Traditionis Custodes

A couple of weeks have passed since the Vatican published Traditionis Custodes, the Pope’s motu proprio in which he restricts access to the Extraordinary Form of the Mass.

When the letter was released, I could not see how it would serve ‘to promote the concord and unity of the Church’ as intended. I still can’t. As a leader, you do not unify a divided people by taking sides in their dispute. You especially do not unify them by discriminating against the other side. This is what Pope Francis has done.

According to the Pope, Traditionis Custodes is the fruit of a ‘detailed consultation’ with bishops. This has to be taken seriously. If the Extraordinary Form really is causing problems worldwide then I would reluctantly agree that restricting access to it, or even banning it, would have to be considered. Unfortunately, and to the best of my knowledge, absolutely no information about the consultation has been released, so we don’t know how many bishops took part in it, where those who did take part came from, or whether they were men sympathetic to the EF Mass or not, etc etc.

I’m very disappointed by what the Pope has done. I say this as a Catholic middle roader – I appreciate the Extraordinary Form of the Mass but am perfectly happy with the Novus Ordo, even if it could be greatly improved (after all, nearly all things can). I feel very sorry for Catholics whose attachment to the Extraordinary Form is much stronger, especially if they are now in a position where they are no longer able to attend this Mass. If that was me, I would sooner go to a SSPX Mass than Novus Ordo one.

Of course, the Pope’s decision to restrict access to the Extraordinary Form did not come out of nowhere. Catholics who have loudly expressed their love for the EF Mass by denigrating, even to the point of saying it is invalid, the N.O. need to take a long hard look at themselves in the mirror and do a little repenting. Traditionis Custodes has probably burnt no few bridges. They need to be rebuilt by both sides as quickly as possible. If only the Pontifex Maximus had chosen this course instead of issuing this moto proprio.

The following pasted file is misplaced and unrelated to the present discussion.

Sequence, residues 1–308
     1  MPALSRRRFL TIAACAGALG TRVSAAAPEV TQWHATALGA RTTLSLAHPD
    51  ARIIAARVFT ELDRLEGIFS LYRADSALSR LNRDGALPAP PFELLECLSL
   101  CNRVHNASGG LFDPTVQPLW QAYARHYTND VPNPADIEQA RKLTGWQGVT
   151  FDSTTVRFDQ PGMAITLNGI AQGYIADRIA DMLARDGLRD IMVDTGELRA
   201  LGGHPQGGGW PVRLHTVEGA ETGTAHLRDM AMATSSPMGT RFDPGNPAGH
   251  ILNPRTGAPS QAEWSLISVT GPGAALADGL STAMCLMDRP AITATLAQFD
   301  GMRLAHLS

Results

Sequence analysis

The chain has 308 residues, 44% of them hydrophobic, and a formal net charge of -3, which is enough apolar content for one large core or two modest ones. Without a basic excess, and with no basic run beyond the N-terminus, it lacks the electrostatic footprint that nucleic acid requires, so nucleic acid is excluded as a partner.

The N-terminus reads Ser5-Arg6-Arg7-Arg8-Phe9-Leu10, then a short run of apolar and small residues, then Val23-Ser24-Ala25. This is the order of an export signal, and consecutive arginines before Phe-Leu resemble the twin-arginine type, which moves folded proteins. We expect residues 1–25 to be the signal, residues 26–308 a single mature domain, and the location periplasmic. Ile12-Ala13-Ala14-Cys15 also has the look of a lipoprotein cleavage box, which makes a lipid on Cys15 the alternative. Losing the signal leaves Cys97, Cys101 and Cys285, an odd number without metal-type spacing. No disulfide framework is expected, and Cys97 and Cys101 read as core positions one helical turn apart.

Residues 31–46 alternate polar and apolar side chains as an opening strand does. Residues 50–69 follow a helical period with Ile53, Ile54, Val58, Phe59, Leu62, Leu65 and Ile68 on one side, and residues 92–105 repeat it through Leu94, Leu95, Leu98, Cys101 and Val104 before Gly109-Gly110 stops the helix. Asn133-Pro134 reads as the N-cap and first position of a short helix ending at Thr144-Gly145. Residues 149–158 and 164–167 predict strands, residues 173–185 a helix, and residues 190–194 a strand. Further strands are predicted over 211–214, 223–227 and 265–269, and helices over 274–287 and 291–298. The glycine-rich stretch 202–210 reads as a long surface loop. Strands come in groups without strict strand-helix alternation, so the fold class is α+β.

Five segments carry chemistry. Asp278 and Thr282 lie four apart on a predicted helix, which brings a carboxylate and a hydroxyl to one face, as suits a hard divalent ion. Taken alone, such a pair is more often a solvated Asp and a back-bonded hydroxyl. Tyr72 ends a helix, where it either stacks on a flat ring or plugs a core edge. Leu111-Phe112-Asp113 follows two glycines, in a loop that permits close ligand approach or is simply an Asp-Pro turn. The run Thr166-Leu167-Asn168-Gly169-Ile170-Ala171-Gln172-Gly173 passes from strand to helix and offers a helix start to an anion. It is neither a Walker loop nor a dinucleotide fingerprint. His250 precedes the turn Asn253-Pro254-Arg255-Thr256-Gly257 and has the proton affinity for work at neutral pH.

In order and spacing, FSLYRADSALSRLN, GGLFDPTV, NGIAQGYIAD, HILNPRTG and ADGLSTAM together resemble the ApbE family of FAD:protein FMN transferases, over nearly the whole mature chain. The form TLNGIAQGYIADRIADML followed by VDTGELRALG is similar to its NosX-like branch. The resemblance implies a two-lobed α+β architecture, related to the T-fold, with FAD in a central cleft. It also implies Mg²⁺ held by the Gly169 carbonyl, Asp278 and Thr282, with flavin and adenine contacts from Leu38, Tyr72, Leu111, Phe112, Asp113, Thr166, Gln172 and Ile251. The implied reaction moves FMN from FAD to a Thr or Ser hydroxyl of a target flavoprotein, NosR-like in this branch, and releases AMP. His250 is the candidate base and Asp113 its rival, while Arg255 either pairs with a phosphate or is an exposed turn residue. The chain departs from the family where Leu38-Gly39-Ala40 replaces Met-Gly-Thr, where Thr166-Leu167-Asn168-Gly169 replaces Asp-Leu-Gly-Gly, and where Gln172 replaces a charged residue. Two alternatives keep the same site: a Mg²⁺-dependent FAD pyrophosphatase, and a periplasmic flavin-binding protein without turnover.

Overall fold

17th June 1901: Ambrose on a Wet Day

Somehow, Belloc managed to sleep through the night in the dilapidated bedroom. Not that there was any reconciliation between them: at sunrise, Belloc slipped out of the in and was glad to be outside once more.

He didn’t, however, leave Milan straightaway. First, Belloc went to Milan cathedral to hear Mass in the Ambrosian Rite. It seems he had heard criticism of the 1,200 year old Rite back home in Britain and wanted to see for himself what it was like. Bar one or two minor changes, he found it to be just the same as the then ‘normal’ Mass (i.e. the Mass that we now call the Extraordinary Form).

Once Mass was over, he left the city. In so doing, he began a long trudge into the Lombardy countryside.

Lombardy is an alluvial plain.
That is the pretty way of putting it. The truth is more vivid if you say that Lombardy is as flat as a marsh, and that it is made up of mud.

Hilaire Belloc The Path to Rome (Ignatius Press 2003) p.297

Mud, mud, and more mud – in the wet conditions that he encountered as he walked south, Belloc would have got to know the mud very well. As with the dilapidated room, however, they never became friends.

He got on no better with the places and natural features that he found along the way. Melegnano was ‘tortuous’ (The Path to Rome, p.300), the Lambro river ‘impossible’ (Ibid), and Lodi Vecchio ‘unkempt… founded upon dirt and living in misery (Ibid).

Belloc stopped at an inn in Lodi Vecchio. As there was no fire to warm him he had to dry his clothes next to ‘a tepid stove in the kitchen’ (The Path to Rome, p.301). The innkeeper and her daughter did not speak English or French and so provided Belloc with little in the way of companionship. Belloc ended up sketching a nearby church, even though he thought it ugly.

After finishing his meal, Belloc hit the road again. He got lost and ended up heading north until a local directed him to the road heading south to Piacenza. Desperate to start heading the right way in the right way, Belloc cut across the fields separating him from the road, getting his boots covered in mud in the process, and joined it adjacent to where he had started.

Soon after, he came to a village called Secugnano and there took a room for the night. According to Google Maps, it takes about nine hours to walk from Milan to Secugnano. It was a long day, then, for Belloc; a wet one, and one to forget entirely. I think Belloc would have agreed – his entry in The Path to Rome for today is just 7.5 pages, I think the shortest for any day so far.